Next came weaning the workday pumps. I dropped from three to two, and Emerson was totally fine with less milk. I had a hard time watching the milk in the bottles get less and less. Sometimes I would cry over worrying if Em would wean before I was ready; other times I would grieve the early struggles and work that went into the low supply battle. I let my feelings come as they would, and I would keep positive about the wonderful relationship that Emerson and I built through breastfeeding. Through it all, Emerson was happy to continue breastfeeding.
At 18 months I was down to one pump a day. I wasn’t getting much milk–maybe one ounce per pump. I knew it was about time to end the pumping chapter in our relationship. Emerson threw me a curve ball, though. He decided that he didn’t need his morning mama milka before I went to work. I was waking him up to breastfeed, and he would be cranky and tired. One day I decided to see what would happen if I didn’t wake him. He slept another hour, and was much happier for my husband when he woke up. While it broke my heart, I stopped waking him because he needed sleep more than mama milka. I still go into his room and watch him sleep for a few minutes before I leave in the morning. He is an angel and so perfect when he sleeps! It starts my day out right!
By 19 months I was getting half an ounce per pump; it was time to stop. Nineteen months was enough! I remember the last time I pumped. I thought, “Good job, mama! You did it! Goodbye, pump room!” I shed a few tears as I walked out of the room, but I also smiled knowing it would be okay.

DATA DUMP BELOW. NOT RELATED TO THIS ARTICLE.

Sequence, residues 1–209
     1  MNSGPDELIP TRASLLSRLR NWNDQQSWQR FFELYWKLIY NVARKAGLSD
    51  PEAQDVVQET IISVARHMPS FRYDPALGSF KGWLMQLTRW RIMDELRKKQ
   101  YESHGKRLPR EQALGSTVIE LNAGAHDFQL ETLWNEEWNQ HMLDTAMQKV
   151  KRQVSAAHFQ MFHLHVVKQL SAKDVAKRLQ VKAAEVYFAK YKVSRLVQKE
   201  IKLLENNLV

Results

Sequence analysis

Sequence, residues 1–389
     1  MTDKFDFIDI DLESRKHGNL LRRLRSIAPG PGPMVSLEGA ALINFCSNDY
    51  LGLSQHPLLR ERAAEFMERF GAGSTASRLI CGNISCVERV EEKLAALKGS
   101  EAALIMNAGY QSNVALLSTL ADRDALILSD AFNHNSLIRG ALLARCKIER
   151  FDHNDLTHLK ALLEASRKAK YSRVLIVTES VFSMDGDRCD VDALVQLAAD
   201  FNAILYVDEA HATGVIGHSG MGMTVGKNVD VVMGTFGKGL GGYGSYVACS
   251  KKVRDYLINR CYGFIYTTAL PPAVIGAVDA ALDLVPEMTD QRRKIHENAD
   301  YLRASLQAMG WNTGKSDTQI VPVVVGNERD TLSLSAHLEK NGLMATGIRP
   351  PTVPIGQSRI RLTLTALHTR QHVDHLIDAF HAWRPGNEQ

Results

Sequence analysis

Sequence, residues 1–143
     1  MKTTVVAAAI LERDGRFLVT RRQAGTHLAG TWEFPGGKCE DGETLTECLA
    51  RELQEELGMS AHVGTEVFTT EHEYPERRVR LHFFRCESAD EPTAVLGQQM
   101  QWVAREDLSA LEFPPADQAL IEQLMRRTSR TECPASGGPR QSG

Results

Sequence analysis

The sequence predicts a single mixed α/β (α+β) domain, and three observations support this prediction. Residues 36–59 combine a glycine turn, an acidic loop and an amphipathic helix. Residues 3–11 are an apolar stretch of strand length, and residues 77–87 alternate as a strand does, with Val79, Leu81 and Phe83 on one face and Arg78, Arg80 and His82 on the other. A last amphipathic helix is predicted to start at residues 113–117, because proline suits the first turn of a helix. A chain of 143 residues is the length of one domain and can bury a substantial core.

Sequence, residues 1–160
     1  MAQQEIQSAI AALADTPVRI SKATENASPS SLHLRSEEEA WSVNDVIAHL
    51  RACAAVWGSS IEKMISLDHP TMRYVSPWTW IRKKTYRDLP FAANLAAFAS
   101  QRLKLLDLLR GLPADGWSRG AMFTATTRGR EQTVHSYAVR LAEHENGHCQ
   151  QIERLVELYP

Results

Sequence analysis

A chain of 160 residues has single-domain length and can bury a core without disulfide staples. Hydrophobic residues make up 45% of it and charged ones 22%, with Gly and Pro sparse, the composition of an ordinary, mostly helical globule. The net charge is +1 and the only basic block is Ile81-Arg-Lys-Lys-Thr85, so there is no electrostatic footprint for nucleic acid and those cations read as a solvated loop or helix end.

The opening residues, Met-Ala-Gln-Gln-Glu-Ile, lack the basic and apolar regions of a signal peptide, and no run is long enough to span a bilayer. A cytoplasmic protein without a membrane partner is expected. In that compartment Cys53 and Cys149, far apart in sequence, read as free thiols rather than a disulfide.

At two years and two months, Emerson loves his mama milka! He nurses before bed, and it’s our special time to tell stories and sing. Sometimes he falls asleep, and sometimes I tell him, “Mama milka is all done tonight” and he lays in his crib holding my hand as he drifts off to sleep. I’m not sure exactly where our breastfeeding journey will end, but I am so glad we are where we are. I can actually say that whenever we wean completely, we will both be ready.
Thank you, Katie, for the amazing community of support you have built for every stage of breastfeeding! I can’t imagine experiencing breastfeeding without having Balanced Breastfeeding! I have leaned on these amazing women throughout our journey. Even without me going into the details of this emotional experience, these mamas know exactly where I’m coming from. They have either been there, too, or are there with me. I can feel their love and support coming through the Internet and wrapping their arms around me. It is my honor and privilege to be a member of the Balanced Breastfeeding community. As a mentor, I have the opportunity to give back a bit of what has been given to me. Thank you, Katie for all you do! You truly are a super hero!
Click here to register for the upcoming Weaning Gracefully Live course.